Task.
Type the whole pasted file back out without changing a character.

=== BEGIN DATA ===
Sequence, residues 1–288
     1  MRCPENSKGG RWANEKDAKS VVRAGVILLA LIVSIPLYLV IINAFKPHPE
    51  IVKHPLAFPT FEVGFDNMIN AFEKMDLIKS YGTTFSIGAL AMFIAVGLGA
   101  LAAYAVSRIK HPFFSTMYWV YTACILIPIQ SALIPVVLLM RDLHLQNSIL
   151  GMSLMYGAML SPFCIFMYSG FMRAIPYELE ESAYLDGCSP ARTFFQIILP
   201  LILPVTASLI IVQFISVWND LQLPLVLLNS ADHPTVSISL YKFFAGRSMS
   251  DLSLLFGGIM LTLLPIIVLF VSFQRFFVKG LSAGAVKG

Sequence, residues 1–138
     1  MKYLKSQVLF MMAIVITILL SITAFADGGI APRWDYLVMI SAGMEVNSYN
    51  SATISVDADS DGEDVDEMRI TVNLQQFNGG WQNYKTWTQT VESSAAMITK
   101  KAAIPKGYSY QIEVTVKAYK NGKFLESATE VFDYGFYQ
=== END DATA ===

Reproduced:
Sequence, residues 1–288
     1  MRCPENSKGG RWANEKDAKS VVRAGVILLA LIVSIPLYLV IINAFKPHPE
    51  IVKHPLAFPT FEVGFDNMIN AFEKMDLIKS YGTTFSIGAL AMFIAVGLGA
   101  LAAYAVSRIK HPFFSTMYWV YTACILIPIQ SALIPVVLLM RDLHLQNSIL
   151  GMSLMYGAML SPFCIFMYSG FMRAIPYELE ESAYLDGCSP ARTFFQIILP
   201  LILPVTASLI IVQFISVWND LQLPLVLLNS ADHPTVSISL YKFFAGRSMS
   251  DLSLLFGGIM LTLLPIIVLF VSFQRFFVKG LSAGAVKG

Sequence, residues 1–138
     1  MKYLKSQVLF MMAIVITILL SITAFADGGI APRWDYLVMI SAGMEVNSYN
    51  SATISVDADS DGEDVDEMRI TVNLQQFNGG WQNYKTWTQT VESSAAMITK
   101  KAAIPKGYSY QIEVTVKAYK NGKFLESATE VFDYGFYQ